having a far greater impact on one group of citizens than the public generally; the decision maker must decide between proponents and opponents. Second, a rezone has localized applicability, usually affecting only the immediate area being rezoned. Finally, statutes, charters, or ordinances require mandatory rezone hearings. Most legislative hearings, on the other hand, are generally discretionary. Fleming, at 299.
In Polygon Corp. v. Seattle, 90 Wn.2d 59, 67-68, 578 P.2d 1309 (1978), we interpreted Smith as requiring not only that the decision be quasi judicial in nature, but also that any public hearing be required by law:
The appearance of fairness doctrine was first applied in Smith v. Skagit County, 75 Wn.2d 715, 453 P.2d 832 (1969), to provide a due-process type standard for statutorily required hearings of a legislative body acting in a quasi-judicial capacity. It has never been applied to administrative action, except where a public hearing was required by statute. See Seattle v. Loutsis Inv. Co., 16 Wn. App. 158, 173, 554 P.2d 379 (1976). The appearance of fairness requirements which have been developed for hearings are inappropriate in the building permit application process which necessarily involves frequent informal contacts between the applicant and employees of the building department.
In Smith we noted the appearance of fairness doctrine was applicable under the following circumstances:
It is axiomatic that, whenever the law requires a hearing of any sort as a condition precedent to the power to proceed, it means a fair hearing, a hearing not only fair in substance, but fair in appearance as well.
(Italics ours.) Smith, at 739. The appearance of fairness doctrine applies to required hearings because “[t]he fact that these hearings are required is itself recognition of the fact that the decision making process must be more sensitive to the rights of the individual citizen involved.” Fleming, at 299.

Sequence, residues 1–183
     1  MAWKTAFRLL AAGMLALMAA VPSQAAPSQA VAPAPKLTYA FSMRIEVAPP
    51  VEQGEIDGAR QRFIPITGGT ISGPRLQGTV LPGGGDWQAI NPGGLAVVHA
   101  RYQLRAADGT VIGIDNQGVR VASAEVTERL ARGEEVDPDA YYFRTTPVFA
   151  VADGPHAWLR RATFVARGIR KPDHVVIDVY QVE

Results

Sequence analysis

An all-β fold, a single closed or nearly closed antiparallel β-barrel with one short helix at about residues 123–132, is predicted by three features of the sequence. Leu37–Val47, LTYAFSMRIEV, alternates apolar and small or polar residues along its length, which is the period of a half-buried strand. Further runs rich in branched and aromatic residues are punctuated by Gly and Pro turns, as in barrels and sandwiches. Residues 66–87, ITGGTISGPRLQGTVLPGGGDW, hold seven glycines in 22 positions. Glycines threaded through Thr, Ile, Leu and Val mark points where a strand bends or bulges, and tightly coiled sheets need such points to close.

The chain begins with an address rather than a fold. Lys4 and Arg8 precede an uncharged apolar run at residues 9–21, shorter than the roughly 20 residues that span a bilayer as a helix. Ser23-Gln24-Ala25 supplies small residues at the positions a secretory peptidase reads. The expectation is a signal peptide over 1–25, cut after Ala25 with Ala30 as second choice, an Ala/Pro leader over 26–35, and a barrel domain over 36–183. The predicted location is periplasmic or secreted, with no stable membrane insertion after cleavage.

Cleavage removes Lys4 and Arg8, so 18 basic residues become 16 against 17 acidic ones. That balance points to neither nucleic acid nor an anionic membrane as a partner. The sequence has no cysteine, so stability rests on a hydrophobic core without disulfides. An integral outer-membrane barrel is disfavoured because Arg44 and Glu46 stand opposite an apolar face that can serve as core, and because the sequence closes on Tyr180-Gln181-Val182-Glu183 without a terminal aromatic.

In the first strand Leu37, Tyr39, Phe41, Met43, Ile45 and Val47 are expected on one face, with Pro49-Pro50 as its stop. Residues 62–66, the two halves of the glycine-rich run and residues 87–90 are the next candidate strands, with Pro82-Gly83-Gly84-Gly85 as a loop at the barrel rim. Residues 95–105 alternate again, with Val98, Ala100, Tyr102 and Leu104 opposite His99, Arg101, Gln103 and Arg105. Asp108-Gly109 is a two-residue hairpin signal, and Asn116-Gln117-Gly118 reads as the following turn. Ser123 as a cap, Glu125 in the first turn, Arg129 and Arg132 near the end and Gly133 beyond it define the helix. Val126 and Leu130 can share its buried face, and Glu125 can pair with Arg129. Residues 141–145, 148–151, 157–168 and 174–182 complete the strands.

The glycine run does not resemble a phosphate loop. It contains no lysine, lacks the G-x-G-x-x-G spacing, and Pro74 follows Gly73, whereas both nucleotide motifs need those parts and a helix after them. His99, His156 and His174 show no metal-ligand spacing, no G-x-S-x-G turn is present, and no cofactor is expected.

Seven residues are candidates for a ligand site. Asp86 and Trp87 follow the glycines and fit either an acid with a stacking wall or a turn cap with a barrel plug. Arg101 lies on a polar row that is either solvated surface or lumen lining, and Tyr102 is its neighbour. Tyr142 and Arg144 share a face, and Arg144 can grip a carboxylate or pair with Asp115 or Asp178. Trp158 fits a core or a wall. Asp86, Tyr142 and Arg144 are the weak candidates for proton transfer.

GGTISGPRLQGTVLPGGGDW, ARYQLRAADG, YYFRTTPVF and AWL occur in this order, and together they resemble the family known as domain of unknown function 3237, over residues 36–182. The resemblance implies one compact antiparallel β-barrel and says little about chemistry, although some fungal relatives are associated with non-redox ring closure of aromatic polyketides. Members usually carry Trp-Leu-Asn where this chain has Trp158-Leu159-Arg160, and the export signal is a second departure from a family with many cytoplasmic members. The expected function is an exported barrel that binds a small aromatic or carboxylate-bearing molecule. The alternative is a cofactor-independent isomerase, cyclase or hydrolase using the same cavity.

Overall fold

From the above cases, a rule may be formulated that whenever an administrative body, acting in a legislative or
quasi-judicial capacity, conducts a public hearing, required by law, to decide the rights of individual parties to engage in or refrain from some activity, the appearance of fairness doctrine should apply.
The three factors set out in Fleming as indicative of quasi-judicial action are all met in the building design review hearings in this case. First, the parties whose interests are involved in this case are readily identifiable. The decision of whether to approve or disapprove the 2-story building proposal will have a far greater impact on the parties to this lawsuit than on the public in general. In short, the decision as to whether Chem-Nuclear’s building design will cause a substantial visual intrusion resembles an adjudication between the rights sought by the proponents and those claimed by the opponents of the project. Second, the decision in the present case will apply only to the property involved in this case, not throughout an entire geographical area within the municipal jurisdiction. Finally, although there is no specific public hearing requirement as to building design review proceedings, there is such a requirement as to zoning reclassifications. See former sections 18.64.010 and 18.64.050 of the Bellevue City Code. There are a number of factors in this case indicating the building design review proceedings were nothing more than a continuation or postponement of the final zoning reclassification.
In the ordinance initially rezoning the property, the following language was used:
This classification from RS-9600 to B-2L is conditioned on full compliance by the owners of said property and their heirs, assigns, grantees, and successors in interest, with the terms and conditions of that certain concomitant zoning agreement and conditional easement attached thereto,. . .
(Italics ours.) Plaintiff’s exhibit 17. The concomitant zoning agreement, referred to in the above ordinance, provides that:
5. In addition to all other remedies available to the City by law, the City reserves the right to revoke the